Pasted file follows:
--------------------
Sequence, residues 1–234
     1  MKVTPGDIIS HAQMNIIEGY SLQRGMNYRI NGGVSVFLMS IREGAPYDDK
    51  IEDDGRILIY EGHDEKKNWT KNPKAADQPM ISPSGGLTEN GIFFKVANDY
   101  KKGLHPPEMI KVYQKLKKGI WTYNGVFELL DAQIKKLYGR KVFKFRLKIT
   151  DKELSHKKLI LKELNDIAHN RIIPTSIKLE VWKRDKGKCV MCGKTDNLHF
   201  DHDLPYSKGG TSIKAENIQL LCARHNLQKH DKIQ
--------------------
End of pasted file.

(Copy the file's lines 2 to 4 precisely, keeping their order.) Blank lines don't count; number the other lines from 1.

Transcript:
     1  MKVTPGDIIS HAQMNIIEGY SLQRGMNYRI NGGVSVFLMS IREGAPYDDK
    51  IEDDGRILIY EGHDEKKNWT KNPKAADQPM ISPSGGLTEN GIFFKVANDY
   101  KKGLHPPEMI KVYQKLKKGI WTYNGVFELL DAQIKKLYGR KVFKFRLKIT